Campaign mailings and yard signs blanketing the 2nd Legislative District slam state Sen. Randi Becker, R-Eatonville, for sponsoring a bill that would have let small school districts such as Eatonville’s consider a four-day school week.
The barrage is paid for by Democratic challenger Bruce Lachney, a former Eatonville School Board member who is campaigning on a theme of longer school years and more public spending on schools. The 2nd District ranges from Rainier and Yelm at the south end to Eatonville, Orting and Graham to the north.
Lachney’s yard signs say, “No 4 day school week. Vote Lachney.”
He also has sent voters at least two mailers making the same point. One of them is a two-sided brochure that has a picture on the front of a boy and a girl with video controllers in their hands as they stare upward (presumably toward a video screen). The caption asks: “If Senator Randi Becker passes a four day school week … What will your kids be doing on Friday?”
The ad cites a Seattle Times story that reports the Eatonville School District was “considering a four-day school week with longer days as a way to cut spending.’’
The mailer goes on to say: “At a time when we should be ensuring our kids have every chance to succeed, Senator Randi Becker sponsored a bill to cut the number of school days from five to four.”
It concludes: “When our kids needed leadership, Randi Becker let them down.”
Another mailer restates the argument: “Randi Becker tried to make it harder on our kids’ futures by cutting their school week to four days.”
Becker did sponsor Senate Bill 6050 this year, and it would have let some school districts, including Eatonville, petition the State Board of Education for flexibility, including a four-day school week. The bill, which was limited to no more than 25 school districts having 501 to 2,200 students, would have been an expansion of House Bill 1292, which the Legislature passed into law in 2009.
HB 1292 had given the four-day week option to as many as five smaller districts – of which only two opted to go for four-day weeks.
Legislative records show Becker voted against the 2009 legislation twice. And Becker never voted for her bill either. That is because SB 6050 had a hearing in the Senate Early Learning and K-12 Education Committee but never came up for a vote. It died in committee.
Rep. J.T. Wilcox, R-Yelm, sponsored a similar bill after he and Becker met with Eatonville Superintendent Rich Stewart and members of the School Board. But Wilcox’s bill also never got a hearing.
Stewart confirmed he had asked for the legislation allowing flexibility such as a four-day week, all to save money on operations.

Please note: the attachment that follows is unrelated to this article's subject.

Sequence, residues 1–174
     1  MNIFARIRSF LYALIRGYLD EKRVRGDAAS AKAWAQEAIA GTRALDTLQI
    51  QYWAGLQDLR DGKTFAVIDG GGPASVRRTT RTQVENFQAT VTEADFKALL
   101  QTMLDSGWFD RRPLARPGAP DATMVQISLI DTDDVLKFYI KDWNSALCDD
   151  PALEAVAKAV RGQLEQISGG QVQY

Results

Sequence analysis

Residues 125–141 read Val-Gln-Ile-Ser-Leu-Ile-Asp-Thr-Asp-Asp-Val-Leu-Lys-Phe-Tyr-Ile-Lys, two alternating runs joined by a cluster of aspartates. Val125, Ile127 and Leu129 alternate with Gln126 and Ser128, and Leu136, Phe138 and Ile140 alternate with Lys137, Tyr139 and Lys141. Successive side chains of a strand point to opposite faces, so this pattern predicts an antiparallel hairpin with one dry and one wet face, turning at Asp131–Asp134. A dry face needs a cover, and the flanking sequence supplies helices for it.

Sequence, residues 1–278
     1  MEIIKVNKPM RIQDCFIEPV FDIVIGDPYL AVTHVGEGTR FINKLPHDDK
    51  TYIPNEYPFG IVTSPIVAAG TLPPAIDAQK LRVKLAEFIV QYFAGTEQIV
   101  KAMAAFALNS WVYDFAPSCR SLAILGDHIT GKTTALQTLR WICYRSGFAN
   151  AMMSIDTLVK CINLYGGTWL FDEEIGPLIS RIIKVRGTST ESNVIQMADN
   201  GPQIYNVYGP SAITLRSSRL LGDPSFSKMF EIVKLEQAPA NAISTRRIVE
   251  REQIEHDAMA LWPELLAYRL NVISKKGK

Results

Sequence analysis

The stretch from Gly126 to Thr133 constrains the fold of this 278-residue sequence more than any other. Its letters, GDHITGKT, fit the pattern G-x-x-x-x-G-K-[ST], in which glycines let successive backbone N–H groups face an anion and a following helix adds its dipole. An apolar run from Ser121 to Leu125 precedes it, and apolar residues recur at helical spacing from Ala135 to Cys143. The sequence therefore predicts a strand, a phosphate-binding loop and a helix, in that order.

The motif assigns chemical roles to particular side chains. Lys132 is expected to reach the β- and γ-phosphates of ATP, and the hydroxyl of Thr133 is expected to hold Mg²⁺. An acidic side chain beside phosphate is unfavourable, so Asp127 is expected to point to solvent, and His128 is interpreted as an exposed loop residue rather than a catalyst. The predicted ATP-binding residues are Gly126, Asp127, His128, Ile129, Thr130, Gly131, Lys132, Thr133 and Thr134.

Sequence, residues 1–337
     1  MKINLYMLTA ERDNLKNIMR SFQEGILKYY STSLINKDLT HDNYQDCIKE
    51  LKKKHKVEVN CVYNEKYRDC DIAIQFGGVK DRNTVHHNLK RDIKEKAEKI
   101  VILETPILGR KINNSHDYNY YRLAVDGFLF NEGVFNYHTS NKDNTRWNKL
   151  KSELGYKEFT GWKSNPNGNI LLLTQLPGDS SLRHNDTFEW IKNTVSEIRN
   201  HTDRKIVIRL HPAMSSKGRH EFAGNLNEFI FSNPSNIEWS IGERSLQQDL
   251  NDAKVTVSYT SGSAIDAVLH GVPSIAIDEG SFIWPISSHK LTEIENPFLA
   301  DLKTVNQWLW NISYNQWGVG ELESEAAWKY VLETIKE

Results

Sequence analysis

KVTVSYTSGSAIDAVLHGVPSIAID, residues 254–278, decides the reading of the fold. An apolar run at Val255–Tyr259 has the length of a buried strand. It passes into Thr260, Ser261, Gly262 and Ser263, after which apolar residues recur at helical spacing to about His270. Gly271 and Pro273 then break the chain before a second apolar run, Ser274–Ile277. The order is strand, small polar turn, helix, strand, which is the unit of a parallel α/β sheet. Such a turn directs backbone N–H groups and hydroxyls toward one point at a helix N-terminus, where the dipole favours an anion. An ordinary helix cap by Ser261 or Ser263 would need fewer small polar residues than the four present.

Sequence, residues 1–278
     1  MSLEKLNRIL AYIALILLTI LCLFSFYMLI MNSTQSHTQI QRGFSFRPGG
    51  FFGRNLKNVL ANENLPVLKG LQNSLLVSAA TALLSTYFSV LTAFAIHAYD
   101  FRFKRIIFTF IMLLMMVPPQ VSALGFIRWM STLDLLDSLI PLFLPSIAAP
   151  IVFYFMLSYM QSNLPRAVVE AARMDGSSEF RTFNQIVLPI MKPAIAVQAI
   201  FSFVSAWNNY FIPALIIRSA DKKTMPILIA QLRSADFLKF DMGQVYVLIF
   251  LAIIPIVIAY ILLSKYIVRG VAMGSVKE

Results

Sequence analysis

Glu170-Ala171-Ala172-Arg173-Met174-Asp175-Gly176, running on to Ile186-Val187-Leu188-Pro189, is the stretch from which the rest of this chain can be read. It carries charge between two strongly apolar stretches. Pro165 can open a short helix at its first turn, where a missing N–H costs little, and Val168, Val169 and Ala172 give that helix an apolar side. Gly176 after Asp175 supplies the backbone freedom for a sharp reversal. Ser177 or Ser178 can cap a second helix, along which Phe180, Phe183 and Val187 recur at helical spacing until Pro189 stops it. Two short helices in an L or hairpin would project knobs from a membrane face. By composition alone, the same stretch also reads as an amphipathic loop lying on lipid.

“It did not go further. We have not asked them this year to go ahead,’’ Stewart said Monday. “I don’t think it is a dead idea, but for this district it is.’’
Superintendent Tim Garchow of the Rainier School District, another 2nd District school system that would have qualified under Becker’s bill, said no four-day week is in the works in his district either.
WHAT THE CANDIDATES SAY
Becker said she voted against the four-day bill in her first year in the Senate, thinking: “I don’t want to short-change kids. Then I started to see all these cuts to K-12, and these schools are under all these mandates.”
After spending time with school district leaders over three summers, she was persuaded to give a shorter school week a try. Her proposal, introduced Jan. 4, allowed a four-day week only if the state Board of Education approved a waiver for each school district.
Becker said the bill had safeguards to ensure that students spent the same hours in class and that a School Board would be making the initial decision, “which means that communities come together and decide what is right for their kids.’’
Lachney says any education bill “should be about increasing academic performance. It should not be done for budget reasons. … This certainly would have affected academic performance, and it certainly would have affected parents.’’
The signs and mailer tell a portion of the story.
Becker sponsored, at the request of Eatonville school officials, permissive legislation to let school districts seek waivers for shorter school weeks. But the legislation by itself would have not created any four-day school weeks. And only a fraction of the state’s students would have been potentially affected since just 25 of the state’s 290 districts could have qualified.
That said, Becker does think a four-day week is a good idea that some school districts should be allowed to consider as they try to squeeze savings out of budgets.Brad Shannon: 360-753-1688 firstname.lastname@example.org theolympian.com/politicsblog @BradShannon2